How to Do Credit Cards in YNAB

And Ultimately Be Debt-Free ...

To truly understand how credit cards work in YNAB, let’s start at the beginning: 15th century Italy (I just like to be thorough).

In case you weren’t lucky enough to study accounting in school, like I did, in 1494, Luca Pacioli published an encyclopedia of math that included a description of double-entry bookkeeping—a system developed by Venetian merchants to track their business activities.

The double-entry method forces you to balance your books. Or, in other words, assets must always equal debt plus equity. This revolutionized the way people did business by highlighting what sold, what didn’t sell, and bringing attention to where they could make better decisions for a more profitable business.

Flash-Forward to Now

YNAB’s treatment of credit cards is based on the concept of double-entry. To help you understand how it works, let’s take a closer look at that equation:

Assets = Debt + Equity

We break down “Equity” just a little bit further, into income minus expenses, and it looks like this:

Assets = Debt + Income – Expenses

What This Means in Dollars

So, if I have $100 in income, no debt, and no expenses, then I have $100 in assets. It looks like this:

Assets = Debt + Income – Expenses
$100 = $0 + $100 – $0
or, $100 = $100

If I spend $50, then my assets go down by $50, like this:

Assets = Debt + Income – Expenses
$50 = $0 + $100 – $50
or, $50 = $50

If I borrow $50 to buy something new—maybe I want some avocados, and they’re really expensive—my debt would increase by $50, but I’d also be spending $50. My assets won’t change at all:

Assets = Debt + Income – Expenses
$100 = $50 + $100 – $50
or, $100 = $100

And That’s How Credit Cards Work …

The last example, where I borrowed money to buy avocados, is exactly how credit cards work. Every time you swipe your credit card, you incur a simultaneous debt and expense. The inflow of borrowed money (debt) is immediately cancelled out by your purchase (expense). Your assets remain untouched.

When you set up a new account in YNAB, it automatically recognizes credit cards so that your budget remains in balance. If you charge $50, YNAB accounts for it so that you don’t accidentally spend the same $50, again.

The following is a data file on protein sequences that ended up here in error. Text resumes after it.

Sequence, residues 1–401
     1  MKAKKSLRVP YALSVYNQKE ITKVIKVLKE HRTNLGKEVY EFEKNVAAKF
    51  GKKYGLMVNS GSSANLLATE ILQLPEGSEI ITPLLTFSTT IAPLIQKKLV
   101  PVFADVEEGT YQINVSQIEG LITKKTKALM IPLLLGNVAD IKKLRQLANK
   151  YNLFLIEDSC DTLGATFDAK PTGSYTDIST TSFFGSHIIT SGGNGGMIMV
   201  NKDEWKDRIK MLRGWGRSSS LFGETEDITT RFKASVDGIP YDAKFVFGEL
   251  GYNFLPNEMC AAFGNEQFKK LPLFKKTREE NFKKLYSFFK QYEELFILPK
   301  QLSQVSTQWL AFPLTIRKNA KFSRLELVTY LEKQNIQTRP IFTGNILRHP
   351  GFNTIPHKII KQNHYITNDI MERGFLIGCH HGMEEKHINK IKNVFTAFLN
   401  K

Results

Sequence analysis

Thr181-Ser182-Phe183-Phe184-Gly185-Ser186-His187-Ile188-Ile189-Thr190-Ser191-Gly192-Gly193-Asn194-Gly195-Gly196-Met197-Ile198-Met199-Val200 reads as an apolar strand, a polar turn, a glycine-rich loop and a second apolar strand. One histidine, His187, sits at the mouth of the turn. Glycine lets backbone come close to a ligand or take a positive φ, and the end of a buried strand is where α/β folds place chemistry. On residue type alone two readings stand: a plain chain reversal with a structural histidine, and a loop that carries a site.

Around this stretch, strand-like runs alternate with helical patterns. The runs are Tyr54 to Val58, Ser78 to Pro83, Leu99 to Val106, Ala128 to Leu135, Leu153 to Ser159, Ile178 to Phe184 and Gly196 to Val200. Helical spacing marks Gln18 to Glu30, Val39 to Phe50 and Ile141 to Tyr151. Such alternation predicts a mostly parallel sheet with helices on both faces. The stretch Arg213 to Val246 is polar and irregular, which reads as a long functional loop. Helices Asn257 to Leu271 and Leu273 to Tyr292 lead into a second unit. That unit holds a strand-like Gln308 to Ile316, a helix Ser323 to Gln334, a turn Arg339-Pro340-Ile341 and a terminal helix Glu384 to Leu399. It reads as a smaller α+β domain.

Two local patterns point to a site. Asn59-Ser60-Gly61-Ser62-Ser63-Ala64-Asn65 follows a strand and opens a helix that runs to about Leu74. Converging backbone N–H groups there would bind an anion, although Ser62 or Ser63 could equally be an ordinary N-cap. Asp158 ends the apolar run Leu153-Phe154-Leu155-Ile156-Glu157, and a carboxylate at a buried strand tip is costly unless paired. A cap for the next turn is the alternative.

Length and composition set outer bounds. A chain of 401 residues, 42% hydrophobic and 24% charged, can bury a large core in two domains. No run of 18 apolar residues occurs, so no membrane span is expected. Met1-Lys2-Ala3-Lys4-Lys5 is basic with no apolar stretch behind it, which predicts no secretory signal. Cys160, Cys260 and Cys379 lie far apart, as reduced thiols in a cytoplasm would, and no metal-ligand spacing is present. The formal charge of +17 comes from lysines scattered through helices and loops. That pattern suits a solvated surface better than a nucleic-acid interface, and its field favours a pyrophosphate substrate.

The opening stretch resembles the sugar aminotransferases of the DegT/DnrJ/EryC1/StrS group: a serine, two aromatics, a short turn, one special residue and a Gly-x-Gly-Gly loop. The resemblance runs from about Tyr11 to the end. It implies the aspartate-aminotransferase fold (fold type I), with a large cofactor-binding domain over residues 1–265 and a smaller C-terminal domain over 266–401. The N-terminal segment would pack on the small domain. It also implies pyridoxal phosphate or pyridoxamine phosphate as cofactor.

Cash Is Key

As you know, the first rule of YNABing is “Give Every Dollar A Job”. If you have $100 dollars, and you need to spend $50 on groceries, we want to show that in the budget. We also give the remaining $50 a job (and we show that in the budget, too!). Obviously, the $100 is still in your checking account, but we have a plan for where we’ll spend those dollars.

So, focusing on that cash, let’s say you spend your $50 of grocery money, but you pay with your credit card. Your credit card balance went up by $50, and the cash is still in your bank account.

To accurately reflect the situation, YNAB simply moves the dollars that you allocated to groceries over to the credit card payment category. The dollars are still in your bank account, so they should still be in your budget—but now they have been reassigned from grocery money to money for your next credit card payment.

But What About Credit Card Interest?

Now, some of you may be asking, “OK, I get that, but my credit card company charges interest. How do I handle that?”

Interest is the fee that your credit card company charges you for extra time to pay off debt. Pretty much the only good thing about interest, is that it might motivate you to pay off your debt faster to avoid the extra charge.

As with any expense, you need to budget for interest payments. To do this, set up an “Interest” category in YNAB. If you don’t know exactly how much the interest will be, budget a little more than you expect.

Then, when interest hits your credit card balance, record it in your credit card account, just like any other expense. Instead of buying groceries (or something fun), you’re buying more time to pay off your debt.

Eyes on the Prize

The faster you pay off your credit card, the less interest you’ll pay, so be aggressive! YNAB is designed to help, that’s why our software handles credit cards this way—we want to help you focus on budgeting your cash, and avoid going further into debt, so that you can finally be debt-free!

Want More Help With Credit Cards?

I hope that made sense. If not, check out YNAB’s free online class, Master Credit Cards With Your Budget, where our teachers go into more details and answer your individual questions.



If you can’t wait until next week for more whiteboard wisdom, subscribe to our YouTube channel. If you have a question or an idea you’d like us to address in a future Whiteboard Wednesday episode, we’d love to hear from you: [email protected]